are used to block things from even being considered.  The power to do this goes away once legislation is actually moving. Once an ACA bill had been introduced into the Senate the process was no longer susceptible to a hold but it still could be hamstrung by a filibuster, unless it was passed via "reconciliation", which it was.

      The link below provides the skinny on how the "hold" works.  As can be seen, it can be used to completely scuttle anything.

      I'm not sixty-two—I'm fifty-twelve!

      by Pragmatus on Mon Jan 21, 2013 at 02:21:44 PM PST

      [ Parent ]

      •  A case could be made... (1+ / 0-)
        Recommended by:

        That holds and filibusters violate "Advice and Consent". Is the Senate really providing advice and consent when they won't even consider a candidate?

        He shall have Power, by and with the Advice and Consent of the Senate, to make Treaties, provided two thirds of the Senators present concur; and he shall nominate, and by and with the Advice and Consent of the Senate, shall appoint Ambassadors, other public Ministers and Consuls, Judges of the supreme Court, and all other Officers of the United States, whose Appointments are not herein otherwise provided for, and which shall be established by Law: but the Congress may by Law vest the Appointment of such inferior Officers, as they think proper, in the President alone, in the Courts of Law, or in the Heads of Departments.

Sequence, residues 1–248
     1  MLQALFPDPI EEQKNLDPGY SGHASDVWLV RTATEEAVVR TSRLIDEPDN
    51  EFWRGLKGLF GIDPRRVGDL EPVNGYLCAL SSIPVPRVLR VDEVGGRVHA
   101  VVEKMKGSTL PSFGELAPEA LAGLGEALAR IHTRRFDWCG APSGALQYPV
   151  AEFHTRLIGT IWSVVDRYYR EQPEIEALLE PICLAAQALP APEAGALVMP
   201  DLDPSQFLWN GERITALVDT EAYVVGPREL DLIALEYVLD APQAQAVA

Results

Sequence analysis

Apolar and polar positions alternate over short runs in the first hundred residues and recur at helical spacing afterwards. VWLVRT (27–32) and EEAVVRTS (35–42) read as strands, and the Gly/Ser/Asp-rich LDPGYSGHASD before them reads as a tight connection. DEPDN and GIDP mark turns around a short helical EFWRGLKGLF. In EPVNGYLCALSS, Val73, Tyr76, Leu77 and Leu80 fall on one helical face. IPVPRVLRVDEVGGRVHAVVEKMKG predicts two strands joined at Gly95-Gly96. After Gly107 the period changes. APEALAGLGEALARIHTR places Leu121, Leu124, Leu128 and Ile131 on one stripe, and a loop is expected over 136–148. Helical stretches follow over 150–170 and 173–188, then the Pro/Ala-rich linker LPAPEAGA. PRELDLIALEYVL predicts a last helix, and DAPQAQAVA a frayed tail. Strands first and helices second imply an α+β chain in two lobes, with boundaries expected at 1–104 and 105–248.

The wolfpack eats venison. The lone wolf eats mice.

        by A Citizen on Mon Jan 21, 2013 at 04:41:44 PM PST

        [ Parent ]